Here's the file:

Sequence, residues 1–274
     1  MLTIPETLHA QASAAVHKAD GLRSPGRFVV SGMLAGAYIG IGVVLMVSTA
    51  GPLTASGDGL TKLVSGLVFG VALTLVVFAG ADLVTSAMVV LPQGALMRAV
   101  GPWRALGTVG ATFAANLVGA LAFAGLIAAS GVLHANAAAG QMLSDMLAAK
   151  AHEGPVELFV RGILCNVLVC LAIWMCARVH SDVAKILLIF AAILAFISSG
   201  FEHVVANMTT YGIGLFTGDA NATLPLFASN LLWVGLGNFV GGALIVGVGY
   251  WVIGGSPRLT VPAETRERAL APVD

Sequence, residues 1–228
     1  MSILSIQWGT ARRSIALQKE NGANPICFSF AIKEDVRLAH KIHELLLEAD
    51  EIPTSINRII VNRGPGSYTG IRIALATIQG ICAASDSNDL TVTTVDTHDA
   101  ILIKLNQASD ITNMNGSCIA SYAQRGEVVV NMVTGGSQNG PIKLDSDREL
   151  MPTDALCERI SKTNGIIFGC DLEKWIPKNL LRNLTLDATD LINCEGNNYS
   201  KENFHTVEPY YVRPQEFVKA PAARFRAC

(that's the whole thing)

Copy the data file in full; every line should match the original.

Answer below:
Sequence, residues 1–274
     1  MLTIPETLHA QASAAVHKAD GLRSPGRFVV SGMLAGAYIG IGVVLMVSTA
    51  GPLTASGDGL TKLVSGLVFG VALTLVVFAG ADLVTSAMVV LPQGALMRAV
   101  GPWRALGTVG ATFAANLVGA LAFAGLIAAS GVLHANAAAG QMLSDMLAAK
   151  AHEGPVELFV RGILCNVLVC LAIWMCARVH SDVAKILLIF AAILAFISSG
   201  FEHVVANMTT YGIGLFTGDA NATLPLFASN LLWVGLGNFV GGALIVGVGY
   251  WVIGGSPRLT VPAETRERAL APVD

Sequence, residues 1–228
     1  MSILSIQWGT ARRSIALQKE NGANPICFSF AIKEDVRLAH KIHELLLEAD
    51  EIPTSINRII VNRGPGSYTG IRIALATIQG ICAASDSNDL TVTTVDTHDA
   101  ILIKLNQASD ITNMNGSCIA SYAQRGEVVV NMVTGGSQNG PIKLDSDREL
   151  MPTDALCERI SKTNGIIFGC DLEKWIPKNL LRNLTLDATD LINCEGNNYS
   201  KENFHTVEPY YVRPQEFVKA PAARFRAC